Improving Email Communication

email iconIn face-to-face communication, the underlying tone of the message is understood using a variety of cues including facial expressions, voice, sarcasm, and pauses. Without these, email messages can be misinterpreted at one or both ends of the conversation, particularly if the communicators are in different emotional states or the communication covers a sensitive topic. When communicating online, it is important to check in with the consumer to make sure your messages are being understood as intended (Evans, 2009).

Overcoming the Loss of Non-Verbal Cues

To overcome the loss of non-verbal cues, incorporate feelings and emotions into your writing.  The following list provides some ideas for both you and your consumers.

  • Describe your immediate state of mind prior to writing the main message (descriptive immediacy). This cues the reader into your emotional state (Mullhauser, 2011d).
    • I had a crummy morning. I got a flat tire on the way to work and then spilled coffee down my shirt within minutes of finally getting to the office.
  • Describe nonverbal reactions within the main message (Collie, Mitchell & Murphy, 2000).
    • As I was reading your last message, my shoulders tensed up.
    • I have been smiling the last couple of minutes, thinking about how well the job interview went for you.
  • Use italics, font size, all caps, bolded text, or underlines to highlight important details of the message (Mullhauser, 2011d).
    • I am so HAPPY for you!
    • It is disappointing that you did not make it to the last appointment.
  • Use emoticons to convey simple emotions (Collie, Mitchell & Murphy, 2000 and Mullhauser, 2011d).
    • Wow, what a day you had 🙂
    • I am having reservations about this interview 🙁
  • Extend the length of words or use “……” to indicate a pause or delay in thinking or writing (see citation 3).
    • Ooooooh…..I get it now.
    • I used to be so positive about things………now I just get down on myself.
  • Describe your emotions in brackets (Collie, Mitchell & Murphy, 2000 and Mullhauser, 2011d). This is called [emotional bracketing] and helps demonstrate empathy.
    • I am going over what you described about your family [feeling sad].
    • I think you did a great job at the interview, even though things did not go that well for you [feeling proud].

Written Communication Strategies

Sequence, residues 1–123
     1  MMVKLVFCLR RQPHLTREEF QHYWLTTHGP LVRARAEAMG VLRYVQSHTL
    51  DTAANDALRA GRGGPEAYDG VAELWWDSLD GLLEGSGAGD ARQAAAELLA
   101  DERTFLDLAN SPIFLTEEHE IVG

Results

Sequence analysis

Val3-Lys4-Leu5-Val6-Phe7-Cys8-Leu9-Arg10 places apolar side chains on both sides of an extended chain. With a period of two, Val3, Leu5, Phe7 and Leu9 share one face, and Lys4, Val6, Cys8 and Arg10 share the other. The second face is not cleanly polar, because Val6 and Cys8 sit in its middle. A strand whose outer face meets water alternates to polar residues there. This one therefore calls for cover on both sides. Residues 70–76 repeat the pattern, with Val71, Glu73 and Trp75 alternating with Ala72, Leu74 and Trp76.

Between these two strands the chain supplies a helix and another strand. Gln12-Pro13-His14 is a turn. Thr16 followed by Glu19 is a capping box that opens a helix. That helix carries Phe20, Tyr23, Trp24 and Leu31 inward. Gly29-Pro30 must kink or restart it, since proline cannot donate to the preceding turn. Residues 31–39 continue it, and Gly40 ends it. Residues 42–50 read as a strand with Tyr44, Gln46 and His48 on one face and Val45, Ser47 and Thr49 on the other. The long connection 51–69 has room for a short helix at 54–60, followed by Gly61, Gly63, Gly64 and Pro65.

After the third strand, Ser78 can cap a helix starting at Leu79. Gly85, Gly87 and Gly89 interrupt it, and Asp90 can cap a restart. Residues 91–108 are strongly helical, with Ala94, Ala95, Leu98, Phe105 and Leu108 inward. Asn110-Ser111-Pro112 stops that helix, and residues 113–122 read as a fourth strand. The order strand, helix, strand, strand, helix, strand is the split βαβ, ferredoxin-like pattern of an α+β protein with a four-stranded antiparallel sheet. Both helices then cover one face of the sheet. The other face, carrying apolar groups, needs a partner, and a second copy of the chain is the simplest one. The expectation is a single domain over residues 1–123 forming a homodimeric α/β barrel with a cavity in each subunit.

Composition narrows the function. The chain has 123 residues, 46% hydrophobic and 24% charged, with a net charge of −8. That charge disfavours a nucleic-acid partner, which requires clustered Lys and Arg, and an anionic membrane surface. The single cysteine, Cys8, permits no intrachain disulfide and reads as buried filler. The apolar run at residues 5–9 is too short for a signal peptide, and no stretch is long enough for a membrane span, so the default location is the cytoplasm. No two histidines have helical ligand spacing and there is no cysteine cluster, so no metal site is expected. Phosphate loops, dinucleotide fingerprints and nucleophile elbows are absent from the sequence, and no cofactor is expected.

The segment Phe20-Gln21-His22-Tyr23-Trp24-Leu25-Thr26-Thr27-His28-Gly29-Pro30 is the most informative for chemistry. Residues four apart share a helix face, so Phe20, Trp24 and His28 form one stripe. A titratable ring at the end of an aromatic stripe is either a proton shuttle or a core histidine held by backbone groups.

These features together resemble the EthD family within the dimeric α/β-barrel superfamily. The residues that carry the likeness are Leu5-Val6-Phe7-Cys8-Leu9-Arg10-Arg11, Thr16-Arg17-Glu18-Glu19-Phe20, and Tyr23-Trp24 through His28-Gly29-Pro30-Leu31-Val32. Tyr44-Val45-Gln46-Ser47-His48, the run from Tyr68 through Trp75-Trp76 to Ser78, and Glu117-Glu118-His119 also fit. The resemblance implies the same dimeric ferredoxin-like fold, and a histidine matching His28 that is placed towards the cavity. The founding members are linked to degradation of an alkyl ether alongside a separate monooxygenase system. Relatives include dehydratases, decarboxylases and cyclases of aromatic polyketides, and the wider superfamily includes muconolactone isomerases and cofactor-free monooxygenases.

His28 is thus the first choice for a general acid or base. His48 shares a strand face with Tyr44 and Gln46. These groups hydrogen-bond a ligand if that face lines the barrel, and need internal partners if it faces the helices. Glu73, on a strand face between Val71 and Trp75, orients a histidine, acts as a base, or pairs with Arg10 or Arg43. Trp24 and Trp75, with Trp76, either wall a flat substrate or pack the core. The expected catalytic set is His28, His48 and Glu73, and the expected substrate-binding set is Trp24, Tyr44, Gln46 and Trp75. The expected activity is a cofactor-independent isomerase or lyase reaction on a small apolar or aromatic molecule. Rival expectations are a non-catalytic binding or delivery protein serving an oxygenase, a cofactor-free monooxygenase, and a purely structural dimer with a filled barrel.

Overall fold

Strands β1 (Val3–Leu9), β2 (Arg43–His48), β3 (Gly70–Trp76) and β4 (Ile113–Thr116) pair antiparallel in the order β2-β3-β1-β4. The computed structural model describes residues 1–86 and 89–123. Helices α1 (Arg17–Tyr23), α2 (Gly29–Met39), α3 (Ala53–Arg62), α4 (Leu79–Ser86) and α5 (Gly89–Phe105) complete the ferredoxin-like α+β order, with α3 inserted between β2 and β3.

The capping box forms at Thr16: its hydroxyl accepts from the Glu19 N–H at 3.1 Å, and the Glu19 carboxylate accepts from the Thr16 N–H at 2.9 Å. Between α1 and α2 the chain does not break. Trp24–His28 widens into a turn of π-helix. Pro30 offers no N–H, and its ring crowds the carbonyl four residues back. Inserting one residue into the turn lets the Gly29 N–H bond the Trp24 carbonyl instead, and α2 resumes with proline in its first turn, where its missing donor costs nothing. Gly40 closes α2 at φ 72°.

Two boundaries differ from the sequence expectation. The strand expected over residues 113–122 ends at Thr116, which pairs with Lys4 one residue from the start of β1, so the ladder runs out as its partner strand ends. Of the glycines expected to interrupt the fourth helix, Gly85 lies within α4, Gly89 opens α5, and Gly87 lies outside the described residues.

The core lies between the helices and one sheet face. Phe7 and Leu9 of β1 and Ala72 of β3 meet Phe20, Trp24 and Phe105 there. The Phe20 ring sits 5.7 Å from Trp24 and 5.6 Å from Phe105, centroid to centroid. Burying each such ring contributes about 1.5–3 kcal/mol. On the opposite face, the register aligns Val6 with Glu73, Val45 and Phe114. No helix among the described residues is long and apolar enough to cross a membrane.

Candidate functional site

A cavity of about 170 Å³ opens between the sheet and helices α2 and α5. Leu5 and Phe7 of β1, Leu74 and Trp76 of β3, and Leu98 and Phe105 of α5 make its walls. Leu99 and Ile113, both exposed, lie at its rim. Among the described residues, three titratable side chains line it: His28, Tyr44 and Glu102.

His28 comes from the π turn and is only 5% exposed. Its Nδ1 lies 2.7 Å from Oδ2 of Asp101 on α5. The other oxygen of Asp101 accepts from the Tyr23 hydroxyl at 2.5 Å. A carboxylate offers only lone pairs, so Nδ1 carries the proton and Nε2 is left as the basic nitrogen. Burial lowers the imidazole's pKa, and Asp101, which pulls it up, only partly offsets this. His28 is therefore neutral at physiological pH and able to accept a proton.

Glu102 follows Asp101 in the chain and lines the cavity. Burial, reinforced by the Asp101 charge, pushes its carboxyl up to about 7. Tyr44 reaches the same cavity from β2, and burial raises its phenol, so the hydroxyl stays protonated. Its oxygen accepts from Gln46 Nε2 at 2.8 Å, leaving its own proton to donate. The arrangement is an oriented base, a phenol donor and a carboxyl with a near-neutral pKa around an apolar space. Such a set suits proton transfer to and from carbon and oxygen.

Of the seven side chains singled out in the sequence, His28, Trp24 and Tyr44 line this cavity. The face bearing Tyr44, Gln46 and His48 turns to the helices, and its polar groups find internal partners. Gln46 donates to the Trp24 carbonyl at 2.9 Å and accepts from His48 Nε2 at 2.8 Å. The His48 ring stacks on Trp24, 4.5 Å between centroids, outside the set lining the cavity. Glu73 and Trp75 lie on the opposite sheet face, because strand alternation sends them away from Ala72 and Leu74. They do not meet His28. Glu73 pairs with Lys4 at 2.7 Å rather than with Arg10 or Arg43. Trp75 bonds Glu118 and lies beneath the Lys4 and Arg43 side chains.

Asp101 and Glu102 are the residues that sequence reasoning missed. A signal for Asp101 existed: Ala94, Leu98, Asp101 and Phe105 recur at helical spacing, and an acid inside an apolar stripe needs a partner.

Written communication can be improved by keeping language simple, avoiding jargon, and making sure abbreviations are mutually understood (Jones & Stokes, 2009).  In addition, there are ways of writing that reduce confusion, encourage clarification, and keep the consumer engaged.

Focused and direct communication style (Stofle & Chechele, 2004)

Write short email messages that focus on only one or two specific topics.

Make inferences, rather than statements (Evans, 2009)

Use qualifying words that allow and invite the reader to provide more clarification.

  • “I sense that you were frustrated during the meeting.”

Other examples include “it sounds as if,” “I am hearing,” “I have the feeling.”

Quote from the email you are responding to (Mulhauser, 2011d)

When responding to a specific part of a message, it can be clearer if you quote the information before providing a response (Mulhauser, 2011d).

  • In your last message you wrote “I am frustrated with my new coworker because he continues to come in and out of my workspace.”  Here are some strategies for approaching this issue.

When quoting, include enough of the passage so that the reader understands that you got the whole intent of the passage (Mulhauser, 2011d).

You can also use the consumers own words in text when responding (Stofle & Chechele, 2004).

  • It can be difficult when “family puts up barriers, whenever [you] try to make appointments.” Sometimes, people close to you feel threatened by changes to the status quo.

Reflect before moving ahead

Email allows time to mull over and consider what was said (Evans, 2004; Mulhauser, 2011d). If an exchange is emotionally charged, delay your response until you are more calm and reasoned.

Ask questions to make sure of intent before responding definitively (Evans, 2009).

  • “When you said you hated your new job, were you referring to the job tasks, interactions with coworkers, your supervisor, or a combination of many factors?  Help me understand the situation better.”

Offer tentative interpretations and ask for further clarification (Evans, 2009).

  • “It sounded like you were frustrated when your spouse said you shouldn’t go back to work. Am I understanding this correctly?”

Proofread your message

Proofread your message to make sure it is professional and clear. A clear and accurate message demonstrates you value the consumer and took time to do your job well (Jones & Stokes, 2009).

Help the consumer engage in the process

Use the email subject line to alert the consumer to the purpose of the message (see Stofle, & Chechele, 2004).

Provide an update about where you are in the conversation (Stofle & Chechele, 2004).

  • For instance, “When you last emailed, you told me that you had made some progress on your resume, but that you were still working on some things. How has that been going?”

Include assignments or specific tasks between emails to keep case progress moving forward (Stofle, & Chechele, 2004).

Footer